- Multi-product: Selling an assortment of use cases into a wide range of verticals.
- Horizontal: Selling a specialized use case into a wide range of verticals.
- Vertical: Addressing one or multiple use cases within a specific industry.
- Unlocks Opportunities for Significant Automation: If you’ve ever visited an Amazon Go store, you’ve experienced Video Intelligence to its fullest extent. Each store is jam-packed with hundreds of cameras that power a “walk in and walk out” customer experience. Outside of grocery and retail, checkout-free experiences are starting to emerge in categories such as parking. Grocery and retail stores are also using video intelligence to improve operations and profitability through real-time inventory updates, optimized store planograms and automated ordering.
- Greenfield Market Dynamics: Unlike the Video Security market, where incumbents have been in place for at least 20 years, many Video Intelligence use cases are greenfield in the sense that there is no existing vendor in place. Video Intelligence software often replaces manual work that humans tend to do inconsistently and inaccurately, such as physical inventory counts, worksite safety patrols and throughput measurement. With Video Intelligence, users are guaranteed always-on coverage as well as real-time insights and recommendations that allow them to fine-tune operations and reallocate labor capacity to higher-level tasks that impact business performance. While the greenfield nature of many Video Intelligence use cases is attractive, building a successful business will require effective category creation and market education.
We’re excited to see how the Video Intelligence category evolves. Below we present an illustrative market map of Video Intelligence vendors grouped by business model:
Building a Video Security or Video Intelligence Company? Get in Touch.
Video Security and Video Intelligence are highly dynamic categories. New approaches and use cases are constantly emerging, as vendors seek to gain the upper hand and meet insatiable buyer demand. At Sapphire, we’re keen to back companies bringing advanced software and analytics capabilities to the Video Security and Video Intelligence markets as part of our $1B commitment to invest in the next generation of AI-powered B2B and Enterprise tech startups.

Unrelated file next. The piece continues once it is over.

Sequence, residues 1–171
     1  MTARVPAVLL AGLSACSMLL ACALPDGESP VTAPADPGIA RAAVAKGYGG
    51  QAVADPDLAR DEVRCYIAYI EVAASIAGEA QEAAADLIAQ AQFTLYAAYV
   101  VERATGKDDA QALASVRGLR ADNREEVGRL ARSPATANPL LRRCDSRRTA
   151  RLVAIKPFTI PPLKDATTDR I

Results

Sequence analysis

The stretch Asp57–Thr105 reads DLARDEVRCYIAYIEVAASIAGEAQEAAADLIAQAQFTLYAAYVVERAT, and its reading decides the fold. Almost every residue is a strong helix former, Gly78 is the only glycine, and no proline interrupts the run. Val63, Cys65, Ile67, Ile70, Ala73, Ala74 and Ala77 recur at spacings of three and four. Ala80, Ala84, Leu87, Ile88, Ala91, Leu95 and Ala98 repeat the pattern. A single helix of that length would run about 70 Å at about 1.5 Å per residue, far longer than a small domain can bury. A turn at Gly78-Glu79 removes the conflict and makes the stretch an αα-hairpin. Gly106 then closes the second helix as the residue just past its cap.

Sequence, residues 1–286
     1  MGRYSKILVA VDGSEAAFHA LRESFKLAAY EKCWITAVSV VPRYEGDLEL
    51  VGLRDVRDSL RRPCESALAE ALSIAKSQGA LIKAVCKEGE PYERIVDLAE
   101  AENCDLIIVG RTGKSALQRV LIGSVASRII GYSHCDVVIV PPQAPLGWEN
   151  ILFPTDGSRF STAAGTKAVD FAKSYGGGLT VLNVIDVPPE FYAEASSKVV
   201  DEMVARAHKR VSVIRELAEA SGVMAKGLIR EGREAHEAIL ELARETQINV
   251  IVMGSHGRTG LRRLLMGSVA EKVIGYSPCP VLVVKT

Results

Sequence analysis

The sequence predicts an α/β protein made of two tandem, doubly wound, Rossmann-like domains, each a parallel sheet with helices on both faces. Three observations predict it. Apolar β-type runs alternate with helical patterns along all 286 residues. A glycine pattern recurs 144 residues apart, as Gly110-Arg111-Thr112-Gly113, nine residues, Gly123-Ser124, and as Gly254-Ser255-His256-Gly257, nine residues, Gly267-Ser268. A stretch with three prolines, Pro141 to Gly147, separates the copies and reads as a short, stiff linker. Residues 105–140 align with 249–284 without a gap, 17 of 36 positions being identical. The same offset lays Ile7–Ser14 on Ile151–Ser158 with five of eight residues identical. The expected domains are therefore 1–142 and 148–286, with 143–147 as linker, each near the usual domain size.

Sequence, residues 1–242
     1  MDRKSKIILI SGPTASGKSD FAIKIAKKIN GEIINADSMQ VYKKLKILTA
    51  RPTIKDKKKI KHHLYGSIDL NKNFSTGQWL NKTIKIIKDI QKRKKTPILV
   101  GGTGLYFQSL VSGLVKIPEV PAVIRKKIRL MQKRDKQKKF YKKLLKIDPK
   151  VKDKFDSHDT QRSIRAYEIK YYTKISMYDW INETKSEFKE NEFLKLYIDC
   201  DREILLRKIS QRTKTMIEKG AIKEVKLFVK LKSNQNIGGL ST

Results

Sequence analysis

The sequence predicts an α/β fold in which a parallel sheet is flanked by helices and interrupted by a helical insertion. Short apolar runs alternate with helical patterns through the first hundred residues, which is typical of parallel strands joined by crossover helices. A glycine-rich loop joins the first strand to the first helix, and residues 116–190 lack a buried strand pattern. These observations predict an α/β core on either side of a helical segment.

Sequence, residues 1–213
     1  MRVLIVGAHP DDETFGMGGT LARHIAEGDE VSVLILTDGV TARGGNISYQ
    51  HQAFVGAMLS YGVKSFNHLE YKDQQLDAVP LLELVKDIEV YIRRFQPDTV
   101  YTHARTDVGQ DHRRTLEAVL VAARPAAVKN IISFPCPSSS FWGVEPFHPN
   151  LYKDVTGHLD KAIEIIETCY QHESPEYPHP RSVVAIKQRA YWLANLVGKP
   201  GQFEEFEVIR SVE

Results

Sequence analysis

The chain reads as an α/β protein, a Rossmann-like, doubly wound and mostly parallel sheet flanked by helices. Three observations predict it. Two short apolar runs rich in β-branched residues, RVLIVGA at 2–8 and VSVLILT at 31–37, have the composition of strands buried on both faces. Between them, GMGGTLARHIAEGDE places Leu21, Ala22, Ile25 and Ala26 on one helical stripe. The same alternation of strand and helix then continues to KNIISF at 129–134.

Please reach out to Demi ([email protected]), Andrew ([email protected]) and Jake ([email protected]) if you are building a Video Security or Video Intelligence company. We can’t wait to hear from you!
Disclaimer: Nothing presented within this article is intended to constitute investment advice, and under no circumstances should any information provided herein be used or considered as an offer to sell or a solicitation of an offer to buy an interest in any investment fund managed by Sapphire Ventures, LLC (“Sapphire”). Information provided reflects Sapphires’ views as of a time, whereby such views are subject to change at any point and Sapphire shall not be obligated to provide notice of any change. No assumptions should be made that investments described were or will be profitable. Due to various risks and uncertainties, actual events, results or the actual experience may differ materially from those reflected or contemplated in these statements. Nothing contained in this article may be relied upon as a guarantee or assurance as to the future success of any particular company. Past performance is not indicative of future results.